I'm trying to run a personal web service from my lan, on IPv6. I want it to be visible on the public internet, and behind an AAAA record. I need to balance ease of setup, and graceful reconfiguration when the IPv6 prefix from my ISP changes.

Which address should I bind to? A local IPv6 address + NAT, or should I embrace globally routable options pushed down to the host via prefix delegation?

My hosts are behind an OpenWRT router, IPv4 + IPv6. OpenWRT gets a /56 prefix delegated by my ISP (Telus in Canada). However, this prefix is not static. It changes once in a while, in the order of days. I can expedite change sometimes by doing resets.

I’m willing to give this no-NAT thing on IPv6 a go. I’m okay with punching ports/IPs open in the stateful firewall, but I would like to avoid address translation.

On my stateless+stateful IPv6 setup, my hosts on the lan do autoconfiguration, and also do DHCPv6 to get leased addresses. On my ubuntu box:
fd00:cafe::4/128                    # ULA local (by dhclient -6)
2001:2:3:4:a8a8:efcf:d96d:1315/64   # slaac+privacy global
2001:2:3:4:22f:bcff:fe12:1234/64    # slaac+EUI64 (macaddr)
fd00:cafe::a8a8:efcf:d96d:1315/64   # slaac+privacy local
fd00:cafe::22f:bcff:fe12:1234/64    # slaac+EUI64 (macaddr)
fe80::21f:bcff:fe08:c07a/64         # link local

The 2001:2:3:4: addresses are routable on the public internet. The fd00:cafe:: are routable only locally on my subnet. fd00:cafe:: is a prefix I've configured in OpenWRT (ULA) for just my internal network. The fe80: of course isn't routable. OpenWRT does not lease out a 2001:2:3:4::4 in this configuration, by design (I would very much like that however).

The v6 IP I pick for my service will have to end up in an AAAA DNS record somewhere, so it would be preferable if it didn't change every hour or so.

  • The slaac+EUI addresses say a bit about my mac address, and I don't like that.
  • The slaac+privacy addresses are a tad more privacy-preserving, but rotate every few hours, and that is less desirable. Addresses stick around if they are still in use, but they would be released every time I started the service (and dns would need to be updated -- which takes minimum 5min).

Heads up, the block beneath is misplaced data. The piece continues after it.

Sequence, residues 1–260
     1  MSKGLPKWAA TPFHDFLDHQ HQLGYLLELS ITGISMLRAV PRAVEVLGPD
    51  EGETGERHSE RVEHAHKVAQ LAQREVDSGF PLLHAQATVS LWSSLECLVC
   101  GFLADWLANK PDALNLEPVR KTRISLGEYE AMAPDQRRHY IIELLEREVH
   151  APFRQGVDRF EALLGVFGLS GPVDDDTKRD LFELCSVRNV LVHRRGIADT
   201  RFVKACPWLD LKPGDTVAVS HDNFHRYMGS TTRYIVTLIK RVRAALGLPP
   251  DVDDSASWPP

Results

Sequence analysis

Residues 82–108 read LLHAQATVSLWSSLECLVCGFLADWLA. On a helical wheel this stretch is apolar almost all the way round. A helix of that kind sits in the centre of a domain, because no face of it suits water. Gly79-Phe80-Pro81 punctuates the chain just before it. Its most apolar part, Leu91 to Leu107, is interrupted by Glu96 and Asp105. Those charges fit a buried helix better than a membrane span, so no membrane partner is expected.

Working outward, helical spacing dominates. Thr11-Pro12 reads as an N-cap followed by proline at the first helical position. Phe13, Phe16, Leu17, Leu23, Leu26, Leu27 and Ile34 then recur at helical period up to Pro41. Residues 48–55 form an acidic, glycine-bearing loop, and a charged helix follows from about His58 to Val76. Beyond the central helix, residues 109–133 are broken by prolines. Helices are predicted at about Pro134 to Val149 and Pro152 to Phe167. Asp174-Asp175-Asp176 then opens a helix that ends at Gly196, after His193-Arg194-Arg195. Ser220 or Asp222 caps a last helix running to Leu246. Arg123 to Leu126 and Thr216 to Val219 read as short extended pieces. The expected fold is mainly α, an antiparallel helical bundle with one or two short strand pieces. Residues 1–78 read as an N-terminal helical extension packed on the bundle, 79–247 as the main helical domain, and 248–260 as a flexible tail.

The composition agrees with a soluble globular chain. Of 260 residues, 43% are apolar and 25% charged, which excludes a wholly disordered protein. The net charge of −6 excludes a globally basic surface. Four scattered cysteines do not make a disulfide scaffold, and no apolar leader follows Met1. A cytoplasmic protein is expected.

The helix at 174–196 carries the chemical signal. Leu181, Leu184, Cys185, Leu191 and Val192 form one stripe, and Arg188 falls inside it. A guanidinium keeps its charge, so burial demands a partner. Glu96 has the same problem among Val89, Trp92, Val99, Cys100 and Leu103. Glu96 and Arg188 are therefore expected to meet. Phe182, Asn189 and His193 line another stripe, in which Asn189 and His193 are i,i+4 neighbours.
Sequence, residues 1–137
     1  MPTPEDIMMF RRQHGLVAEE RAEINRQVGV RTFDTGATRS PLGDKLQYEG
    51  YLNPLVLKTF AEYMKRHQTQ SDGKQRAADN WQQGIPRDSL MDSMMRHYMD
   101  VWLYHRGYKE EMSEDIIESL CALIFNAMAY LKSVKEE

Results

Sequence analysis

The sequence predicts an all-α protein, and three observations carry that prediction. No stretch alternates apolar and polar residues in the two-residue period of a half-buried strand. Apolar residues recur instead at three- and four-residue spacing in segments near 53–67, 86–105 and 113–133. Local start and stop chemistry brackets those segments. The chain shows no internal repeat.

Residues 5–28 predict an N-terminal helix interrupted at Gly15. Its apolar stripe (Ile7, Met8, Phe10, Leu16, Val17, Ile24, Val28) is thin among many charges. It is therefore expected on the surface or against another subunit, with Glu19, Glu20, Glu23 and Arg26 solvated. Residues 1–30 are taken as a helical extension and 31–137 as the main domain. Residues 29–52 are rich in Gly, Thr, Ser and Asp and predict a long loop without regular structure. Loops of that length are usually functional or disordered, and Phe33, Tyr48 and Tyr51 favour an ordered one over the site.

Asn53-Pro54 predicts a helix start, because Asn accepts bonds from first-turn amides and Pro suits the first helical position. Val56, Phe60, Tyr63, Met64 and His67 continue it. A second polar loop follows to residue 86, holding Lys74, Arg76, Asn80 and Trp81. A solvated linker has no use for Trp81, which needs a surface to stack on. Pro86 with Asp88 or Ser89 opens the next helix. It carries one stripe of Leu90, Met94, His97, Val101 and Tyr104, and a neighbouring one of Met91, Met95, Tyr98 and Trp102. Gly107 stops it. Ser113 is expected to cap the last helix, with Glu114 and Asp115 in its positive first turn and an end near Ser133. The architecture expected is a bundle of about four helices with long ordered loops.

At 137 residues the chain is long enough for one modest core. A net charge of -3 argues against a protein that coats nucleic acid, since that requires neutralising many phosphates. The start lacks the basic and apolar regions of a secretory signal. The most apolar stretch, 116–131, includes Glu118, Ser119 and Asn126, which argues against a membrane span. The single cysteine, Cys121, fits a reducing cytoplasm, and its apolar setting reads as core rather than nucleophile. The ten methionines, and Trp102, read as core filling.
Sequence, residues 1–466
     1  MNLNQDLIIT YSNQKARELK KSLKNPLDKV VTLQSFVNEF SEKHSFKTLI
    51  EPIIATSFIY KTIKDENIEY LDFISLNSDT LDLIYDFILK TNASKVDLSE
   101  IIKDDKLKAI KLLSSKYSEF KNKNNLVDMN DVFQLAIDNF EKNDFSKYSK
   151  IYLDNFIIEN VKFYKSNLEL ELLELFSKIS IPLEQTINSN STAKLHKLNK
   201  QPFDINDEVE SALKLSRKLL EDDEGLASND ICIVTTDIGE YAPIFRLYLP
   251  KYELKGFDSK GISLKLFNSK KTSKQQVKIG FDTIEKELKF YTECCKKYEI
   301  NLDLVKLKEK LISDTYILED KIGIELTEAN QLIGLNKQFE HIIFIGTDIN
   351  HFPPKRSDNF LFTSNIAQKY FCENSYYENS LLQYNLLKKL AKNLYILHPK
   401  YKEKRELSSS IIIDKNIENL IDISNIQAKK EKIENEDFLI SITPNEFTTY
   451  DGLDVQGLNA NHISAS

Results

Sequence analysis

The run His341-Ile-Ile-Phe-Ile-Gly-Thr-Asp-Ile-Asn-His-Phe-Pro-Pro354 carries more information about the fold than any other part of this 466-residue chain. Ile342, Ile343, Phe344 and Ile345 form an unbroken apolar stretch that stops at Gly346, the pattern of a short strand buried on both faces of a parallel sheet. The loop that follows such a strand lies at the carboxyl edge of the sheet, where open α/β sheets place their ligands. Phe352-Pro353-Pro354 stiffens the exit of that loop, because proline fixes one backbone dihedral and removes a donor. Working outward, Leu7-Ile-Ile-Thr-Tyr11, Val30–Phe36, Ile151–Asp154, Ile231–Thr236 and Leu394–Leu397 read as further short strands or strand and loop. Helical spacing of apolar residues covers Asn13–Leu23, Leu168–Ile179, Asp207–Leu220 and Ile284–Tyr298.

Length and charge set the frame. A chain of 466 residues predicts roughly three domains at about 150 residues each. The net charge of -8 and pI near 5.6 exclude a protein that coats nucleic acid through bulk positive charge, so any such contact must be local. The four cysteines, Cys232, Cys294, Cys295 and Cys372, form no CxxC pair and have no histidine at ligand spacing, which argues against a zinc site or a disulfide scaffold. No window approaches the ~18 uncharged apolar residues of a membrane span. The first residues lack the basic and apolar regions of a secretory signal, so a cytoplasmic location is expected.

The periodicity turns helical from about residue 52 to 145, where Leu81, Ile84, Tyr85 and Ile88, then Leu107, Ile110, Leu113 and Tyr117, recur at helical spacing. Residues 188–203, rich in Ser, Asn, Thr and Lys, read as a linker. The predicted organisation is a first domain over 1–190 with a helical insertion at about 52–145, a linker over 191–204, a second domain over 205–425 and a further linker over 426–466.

• Another option is to just statically pick a suffix I like for my service (e.g. ::d00d), with the same globally routable prefix and statically assign that to my nic, like so:
$ sudo ip -6 addr add 2001:2:3:4::d00d/64 dev eth0

Then in my applications, I could bind to that address only (or to "::" on the device holding that ip).

# ./myserver -l 2001:2:3:4::d00d/64 -p 8080

Now, once I’ve got a listening socket bound to a publically routable IP on the host, what's the best way to inform the router to let the SYN packets flow in for it? I need a hole punched here. UPnP, NAT-pmp?

Am I thinking about this the wrong way around? What’s the typical setup on IPv6?


I tried using the hostid dhcp setting in my OpenWRT leases /etc/config/dhcp. It supposedly allows specifing the last 32bits of a dhcpv6 reservation. I was hoping I to receive an extra IPv6 with the wan prefix and my chosen suffix, but no luck. The dhcp6 client on my host still doesn't receive that extra IP. Probably related to this odhcpd issue 61.

  • Why bother? Just bind to the unspecified address, like everyone else does. Sep 6, 2016 at 2:40
  • Binding to :: is a way to receive connections on all IPs in the list above, plus addresses of all other interfaces on the host. It will not open the router's firewall automatically. Which address would you use to populate DNS then?
    – init_js
    Sep 6, 2016 at 4:36
  • Also of note: Telus does block ports 80/443 even on IPv6 (not sure how they handle business plans though)
    – jtl999
    Dec 29, 2016 at 8:11

1 Answer 1